People who have attempted suicide once remain at risk of another try for the rest of their life, a comprehensive new British study indicates.
The study, which covered 23 years, has implications for relatives and friends as well as psychotherapists of those who have tried to take their own lives.
"Basically, we are talking about the rest of their lives," says lead author Dr. Gary R. Jenkins, a consulting psychiatrist at East Ham Memorial Hospital in London. The report appears in the new issue of the British Medical Journal.
Jenkins and his colleagues studied the records of 140 people who attempted suicide between May 1977 and March 1980, looking specifically at the cause of death for the 25 who had died by July 2000.
"Examination of death certificates revealed three suicides and nine probable suicides (four were recorded as open verdict and five as accidental death)," they report.
Using these findings as a guideline, the researchers extrapolated the risk of additional suicide attempts for the next 23 years.
Their conclusion: the suicide rate for those who had attempted it once was 5.9 attempts per 1,000 people per year for the five years after the first try; 5.0 attempts per 1,000 people per year 15 to 20 years after the first try; and 6.8 attempts per 1,000 people for the final three years.<
"The rate did not decline with time," the researchers report.
The overall suicide rate for the general population is about two attempts per 1,000 people per year.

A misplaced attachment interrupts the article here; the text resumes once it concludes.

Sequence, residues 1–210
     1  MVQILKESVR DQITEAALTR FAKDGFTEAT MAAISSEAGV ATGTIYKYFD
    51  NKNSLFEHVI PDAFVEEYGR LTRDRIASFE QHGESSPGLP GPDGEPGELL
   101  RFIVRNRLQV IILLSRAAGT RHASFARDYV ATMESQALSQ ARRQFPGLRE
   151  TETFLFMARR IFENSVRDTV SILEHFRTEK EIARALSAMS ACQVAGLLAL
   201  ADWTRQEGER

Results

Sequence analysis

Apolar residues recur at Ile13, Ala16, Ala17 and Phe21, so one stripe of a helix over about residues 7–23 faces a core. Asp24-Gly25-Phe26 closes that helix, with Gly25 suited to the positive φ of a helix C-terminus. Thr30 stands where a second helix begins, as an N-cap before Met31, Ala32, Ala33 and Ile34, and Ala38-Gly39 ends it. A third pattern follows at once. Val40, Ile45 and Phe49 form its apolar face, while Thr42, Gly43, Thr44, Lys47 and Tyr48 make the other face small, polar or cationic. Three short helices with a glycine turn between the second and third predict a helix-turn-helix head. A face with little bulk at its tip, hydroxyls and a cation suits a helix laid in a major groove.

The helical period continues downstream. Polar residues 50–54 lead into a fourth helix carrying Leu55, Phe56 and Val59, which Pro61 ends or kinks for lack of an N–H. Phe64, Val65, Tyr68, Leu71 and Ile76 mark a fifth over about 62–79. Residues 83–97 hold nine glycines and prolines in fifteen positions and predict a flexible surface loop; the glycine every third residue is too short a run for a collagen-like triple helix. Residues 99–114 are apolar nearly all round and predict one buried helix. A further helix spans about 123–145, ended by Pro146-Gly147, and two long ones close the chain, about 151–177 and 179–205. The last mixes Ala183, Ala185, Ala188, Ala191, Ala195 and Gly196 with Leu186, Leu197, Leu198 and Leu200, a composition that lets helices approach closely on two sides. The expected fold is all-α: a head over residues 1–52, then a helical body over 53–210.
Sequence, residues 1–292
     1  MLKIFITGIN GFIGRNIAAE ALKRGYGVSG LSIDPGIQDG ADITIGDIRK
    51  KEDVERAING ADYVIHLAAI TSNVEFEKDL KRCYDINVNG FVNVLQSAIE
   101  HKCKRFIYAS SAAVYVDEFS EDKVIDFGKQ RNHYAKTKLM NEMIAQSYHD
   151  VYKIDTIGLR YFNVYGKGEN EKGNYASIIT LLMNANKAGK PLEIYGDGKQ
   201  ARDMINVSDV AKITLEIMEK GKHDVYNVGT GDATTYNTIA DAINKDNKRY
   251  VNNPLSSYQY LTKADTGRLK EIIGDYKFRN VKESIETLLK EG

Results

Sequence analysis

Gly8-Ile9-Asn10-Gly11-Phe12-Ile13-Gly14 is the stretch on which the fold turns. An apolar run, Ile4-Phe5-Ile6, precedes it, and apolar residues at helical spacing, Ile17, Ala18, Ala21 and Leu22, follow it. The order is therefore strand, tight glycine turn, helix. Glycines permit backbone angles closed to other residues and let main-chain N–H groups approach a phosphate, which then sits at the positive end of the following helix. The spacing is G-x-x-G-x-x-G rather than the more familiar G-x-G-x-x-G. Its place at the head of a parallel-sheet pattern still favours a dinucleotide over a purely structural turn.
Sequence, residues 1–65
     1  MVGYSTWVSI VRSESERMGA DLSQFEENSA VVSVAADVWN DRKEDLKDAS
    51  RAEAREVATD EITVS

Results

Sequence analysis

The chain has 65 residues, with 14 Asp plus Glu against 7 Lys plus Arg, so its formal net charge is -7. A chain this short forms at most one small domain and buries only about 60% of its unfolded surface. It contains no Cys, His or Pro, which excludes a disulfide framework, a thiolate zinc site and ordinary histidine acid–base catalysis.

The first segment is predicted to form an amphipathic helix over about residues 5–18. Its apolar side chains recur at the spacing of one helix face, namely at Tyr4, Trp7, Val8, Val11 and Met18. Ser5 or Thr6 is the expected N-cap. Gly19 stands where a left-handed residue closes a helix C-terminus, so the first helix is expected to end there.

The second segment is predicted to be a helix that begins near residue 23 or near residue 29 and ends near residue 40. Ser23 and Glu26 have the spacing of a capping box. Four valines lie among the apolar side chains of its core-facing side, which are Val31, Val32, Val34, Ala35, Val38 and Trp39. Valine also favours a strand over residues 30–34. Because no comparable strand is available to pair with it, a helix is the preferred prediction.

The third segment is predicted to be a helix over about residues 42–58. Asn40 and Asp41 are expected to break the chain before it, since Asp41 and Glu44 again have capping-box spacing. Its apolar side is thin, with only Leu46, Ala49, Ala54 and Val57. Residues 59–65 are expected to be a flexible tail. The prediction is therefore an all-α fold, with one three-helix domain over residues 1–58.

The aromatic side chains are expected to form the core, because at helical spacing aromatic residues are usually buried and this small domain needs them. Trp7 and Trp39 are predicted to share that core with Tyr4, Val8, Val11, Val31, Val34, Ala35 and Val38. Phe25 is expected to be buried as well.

"This confirms something we know about suicide, that the best predictor is a previous attempt," Jenkins says. "But there haven't been any studies of this length. This paper proves what we have thought clinically -- a previous attempt is a predictive factor even if it is more than two decades after the first act."
The findings demonstrate that "if a patient shows up in an emergency room and has made a suicidal attempt, the clinician needs to be aware that the risk of doing so again is very high, and the patient should not be let go without a psychiatric assessment or follow-up," Jenkins says.
Quick response necessary
John L. McIntosh, professor of psychiatry at Indiana University and a past president of the American Association of Suicidology, says the study also indicates that "people in this person's life should react and respond more quickly when there are difficulties."
"Friends and particularly family members will want to seek help for this person and make sure he or she gets to a mental health professional quickly," McIntosh says.
The British study is valuable because "it reinforces long-standing results from other studies that are not nearly as lengthy as this one," McIntosh says. "We didn't know that this risk continued with them this long. We are basically talking about the rest of their lives."
"Many would assume that the heightened risk will be gone after two or three years. This suggests that is not accurate," he adds.
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